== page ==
A new Japan-based wallet service called ‘Ninki’ aims to be a social network for payments, where users build trusted groups who may need to transact on a regular basis or for a common cause.
Local charity events, crowdfunding campaigns, small- to medium-sized businesses and international freelancers are among the most likely kinds of user groups, said the company’s lead developer, Benjamin Smith. Users can form groups and share details as easily as they can on popular social networks.
Smith told CoinDesk the aim is to streamline bitcoin payments between transacting parties.
“The idea initially came from seeing how difficult it was for people to exchange and scan QR codes, copy and paste addresses, etc. Even for my tech friends. People get lazy and use the same address all the time.”
What makes Ninki stand out from other bitcoin wallets is its Contacts list, where users can categorize their contacts depending on their transaction needs.
Ninki, which means ‘popular’ in Japanese, has undergone extensive alpha testing over the past few months and opened in beta to the public last week.
Testing the beta: signing up and finding others
Registering a new account with Ninki generates quite a few keys and codes, so get ready to take secure notes.
The software generates a public user name and a 15-word public phrase. These are for others to identify you within the network and so you can perform a secure out-of-bound validation of the user.
At the user dashboard level Ninki’s interface is in plain language and straightforward, with all the encryption and security handled seamlessly in the background.
You can search for other users by username and avatar, adding and approving them as desired. For one-off payments, you can also send to a standard bitcoin address.
Making connections and payments
To start building a trust network, simply share your 15-word public phrase with another user. Upon accepting, the other party will also share its phrase.
In the background, Ninki performs an exchange of public PGP (pretty good privacy) keys between the two users.
The user dashboard is simple and supplies all information regarding balances, contacts, groups and pending payments.
Users can easily send, receive and pay invoices from a Ninki wallet, individually or all at once. Each invoice is marked with a date and order ID number. Users may also reject invoices and check the status and details of payments on the blockchain.
A PGP-encrypted messaging feature keeps communications between users private.
Smith said security and privacy are priorities at Ninki, especially given the levels of public mistrust in the security and privacy levels of ‘everyday’ social networks.
Users can only see lists of members in networks they create themselves. And while it is possible to add an entire group to a trust network, the user will only see the name of the group itself and not its members.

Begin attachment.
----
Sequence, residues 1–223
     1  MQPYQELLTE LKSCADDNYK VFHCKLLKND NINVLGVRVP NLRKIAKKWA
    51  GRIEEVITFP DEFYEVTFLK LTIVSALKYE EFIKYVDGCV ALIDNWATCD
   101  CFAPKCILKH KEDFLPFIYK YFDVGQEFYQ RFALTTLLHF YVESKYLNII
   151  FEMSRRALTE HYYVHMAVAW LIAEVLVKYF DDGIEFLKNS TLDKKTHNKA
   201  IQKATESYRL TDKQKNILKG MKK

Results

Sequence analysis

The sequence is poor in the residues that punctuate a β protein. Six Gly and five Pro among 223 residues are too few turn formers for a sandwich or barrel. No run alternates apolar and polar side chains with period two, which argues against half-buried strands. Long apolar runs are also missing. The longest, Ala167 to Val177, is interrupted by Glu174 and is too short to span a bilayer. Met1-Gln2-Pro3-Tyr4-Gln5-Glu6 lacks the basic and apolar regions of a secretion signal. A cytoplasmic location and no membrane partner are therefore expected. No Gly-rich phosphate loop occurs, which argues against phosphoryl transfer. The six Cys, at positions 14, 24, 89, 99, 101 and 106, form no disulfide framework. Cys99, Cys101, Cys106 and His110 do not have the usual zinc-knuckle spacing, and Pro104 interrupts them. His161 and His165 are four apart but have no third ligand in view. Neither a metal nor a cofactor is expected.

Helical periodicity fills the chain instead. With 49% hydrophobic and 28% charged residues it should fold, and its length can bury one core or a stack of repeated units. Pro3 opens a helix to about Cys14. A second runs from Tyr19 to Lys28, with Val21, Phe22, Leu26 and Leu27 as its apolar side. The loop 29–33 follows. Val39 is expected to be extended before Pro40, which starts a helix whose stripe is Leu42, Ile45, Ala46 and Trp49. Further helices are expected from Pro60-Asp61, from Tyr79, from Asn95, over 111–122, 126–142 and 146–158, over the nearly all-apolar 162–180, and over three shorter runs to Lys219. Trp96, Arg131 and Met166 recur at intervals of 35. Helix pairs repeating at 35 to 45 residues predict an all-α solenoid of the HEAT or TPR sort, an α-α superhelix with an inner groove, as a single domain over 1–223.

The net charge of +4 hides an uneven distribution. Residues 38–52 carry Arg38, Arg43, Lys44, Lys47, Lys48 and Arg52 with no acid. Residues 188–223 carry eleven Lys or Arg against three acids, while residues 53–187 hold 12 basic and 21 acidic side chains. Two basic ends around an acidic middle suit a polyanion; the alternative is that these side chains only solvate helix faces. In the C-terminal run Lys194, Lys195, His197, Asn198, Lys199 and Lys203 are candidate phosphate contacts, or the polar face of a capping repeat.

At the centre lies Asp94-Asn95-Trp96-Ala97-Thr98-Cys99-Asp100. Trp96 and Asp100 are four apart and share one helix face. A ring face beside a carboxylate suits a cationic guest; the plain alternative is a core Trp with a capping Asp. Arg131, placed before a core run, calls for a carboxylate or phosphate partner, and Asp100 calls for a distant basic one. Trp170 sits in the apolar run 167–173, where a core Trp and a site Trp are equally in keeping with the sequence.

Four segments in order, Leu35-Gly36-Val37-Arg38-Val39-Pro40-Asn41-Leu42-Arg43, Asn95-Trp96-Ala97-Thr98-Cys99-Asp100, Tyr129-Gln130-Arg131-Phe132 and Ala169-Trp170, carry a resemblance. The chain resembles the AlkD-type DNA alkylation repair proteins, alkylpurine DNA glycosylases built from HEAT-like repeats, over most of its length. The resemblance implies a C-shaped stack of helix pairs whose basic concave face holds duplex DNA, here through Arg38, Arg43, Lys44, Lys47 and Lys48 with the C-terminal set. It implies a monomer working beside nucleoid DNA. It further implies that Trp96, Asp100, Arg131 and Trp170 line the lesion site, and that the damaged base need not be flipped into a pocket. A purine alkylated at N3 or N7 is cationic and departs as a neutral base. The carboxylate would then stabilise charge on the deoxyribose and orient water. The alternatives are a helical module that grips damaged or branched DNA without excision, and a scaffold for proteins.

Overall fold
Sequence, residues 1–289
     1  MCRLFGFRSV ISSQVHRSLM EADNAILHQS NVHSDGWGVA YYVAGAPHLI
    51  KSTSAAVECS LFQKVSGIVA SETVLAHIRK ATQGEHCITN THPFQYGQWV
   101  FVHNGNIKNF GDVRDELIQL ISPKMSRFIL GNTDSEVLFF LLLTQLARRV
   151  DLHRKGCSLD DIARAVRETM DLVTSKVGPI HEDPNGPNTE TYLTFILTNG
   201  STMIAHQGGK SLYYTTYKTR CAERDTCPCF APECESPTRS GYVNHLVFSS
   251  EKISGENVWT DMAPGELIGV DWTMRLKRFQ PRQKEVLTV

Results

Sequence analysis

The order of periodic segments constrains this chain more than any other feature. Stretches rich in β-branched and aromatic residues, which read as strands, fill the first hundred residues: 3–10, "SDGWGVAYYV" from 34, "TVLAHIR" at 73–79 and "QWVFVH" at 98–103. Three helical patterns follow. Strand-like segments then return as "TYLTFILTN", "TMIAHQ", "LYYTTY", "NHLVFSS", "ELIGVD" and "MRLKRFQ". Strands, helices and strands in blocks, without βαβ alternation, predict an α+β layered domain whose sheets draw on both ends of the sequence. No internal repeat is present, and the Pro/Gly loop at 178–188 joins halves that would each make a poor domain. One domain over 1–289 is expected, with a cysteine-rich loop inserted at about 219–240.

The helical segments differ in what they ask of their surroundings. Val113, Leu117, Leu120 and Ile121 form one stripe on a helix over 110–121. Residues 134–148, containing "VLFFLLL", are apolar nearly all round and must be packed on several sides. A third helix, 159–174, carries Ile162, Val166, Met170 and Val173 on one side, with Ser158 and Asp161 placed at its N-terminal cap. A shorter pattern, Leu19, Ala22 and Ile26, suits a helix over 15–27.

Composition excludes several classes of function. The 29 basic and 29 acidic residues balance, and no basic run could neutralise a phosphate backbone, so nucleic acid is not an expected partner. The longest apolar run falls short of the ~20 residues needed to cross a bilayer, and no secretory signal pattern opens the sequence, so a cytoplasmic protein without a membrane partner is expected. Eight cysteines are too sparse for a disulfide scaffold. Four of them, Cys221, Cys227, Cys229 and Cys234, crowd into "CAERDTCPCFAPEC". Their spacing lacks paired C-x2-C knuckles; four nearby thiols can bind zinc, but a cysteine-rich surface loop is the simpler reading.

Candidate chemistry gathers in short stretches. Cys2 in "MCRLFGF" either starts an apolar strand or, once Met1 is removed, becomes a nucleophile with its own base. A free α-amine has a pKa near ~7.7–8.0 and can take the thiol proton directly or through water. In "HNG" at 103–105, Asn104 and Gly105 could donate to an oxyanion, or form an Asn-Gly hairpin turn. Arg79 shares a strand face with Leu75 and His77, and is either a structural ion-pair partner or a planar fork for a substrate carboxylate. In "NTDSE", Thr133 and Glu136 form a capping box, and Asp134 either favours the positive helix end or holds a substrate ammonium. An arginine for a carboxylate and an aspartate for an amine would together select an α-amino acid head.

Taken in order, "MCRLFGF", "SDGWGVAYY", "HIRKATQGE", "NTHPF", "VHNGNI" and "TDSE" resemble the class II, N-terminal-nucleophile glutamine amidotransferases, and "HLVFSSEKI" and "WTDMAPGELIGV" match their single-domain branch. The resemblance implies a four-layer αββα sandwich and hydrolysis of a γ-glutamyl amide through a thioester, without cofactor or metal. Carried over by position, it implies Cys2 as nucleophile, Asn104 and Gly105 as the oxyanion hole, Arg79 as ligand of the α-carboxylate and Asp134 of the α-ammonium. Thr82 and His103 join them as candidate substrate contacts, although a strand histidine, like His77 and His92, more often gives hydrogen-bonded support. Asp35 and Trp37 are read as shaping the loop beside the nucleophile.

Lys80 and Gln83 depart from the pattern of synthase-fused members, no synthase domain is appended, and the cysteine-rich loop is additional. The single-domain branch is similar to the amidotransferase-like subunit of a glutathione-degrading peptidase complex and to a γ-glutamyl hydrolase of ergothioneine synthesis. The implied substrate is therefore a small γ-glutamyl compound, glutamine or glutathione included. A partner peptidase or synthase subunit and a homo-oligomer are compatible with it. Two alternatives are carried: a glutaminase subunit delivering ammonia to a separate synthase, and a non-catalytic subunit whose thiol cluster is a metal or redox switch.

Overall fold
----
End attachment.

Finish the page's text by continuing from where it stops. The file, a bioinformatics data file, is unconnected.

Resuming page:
In addition, users can set payment limits by day, per transaction or by number of transactions per day to prevent losses through error.
Security and identity features
Unlike other social networks, however, Ninki aims to protect users’ private information rather than release or sell it to marketers.
Ninki is not just a wallet service. It is designed to be as secure as possible, with hierarchical deterministic (HD) wallets as specified in the Bitcoin Improvement Protocol 32 (BIP32).
This means that a number of wallets can be generated from one ‘master key pair’ (MKP). Any number of ‘child’ wallets can be created from the MKP and used independently, but the owner of the master key retains control over all of them.
Public keys generated on assigned nodes by the public part of the MKP can be shared between members of Ninki. The users exchange Ninki phrases and verify them using an outside method of communication, like email, instant message or a face-to-face exchange.
Ninki’s wallets are also integrated with multi-signature technology, two of three possible keys are required for any party to access the funds. Addresses are generated from the master keys for each transaction and never re-used.
Ninki holds one key; the user another. A third key is provided for users to keep in a safe place or with a trusted third party. This means funds may still be recovered even if Ninki were to disappear.
Smith added that in addition to alpha testing, Ninki would also be audited by 3rd parties including security experts and hackers. He said:
“Getting cryptography and security right is difficult.”
The greater the number and variety of external checkers, he concluded, the more certainty the security model will be tight.
Images via Ninki
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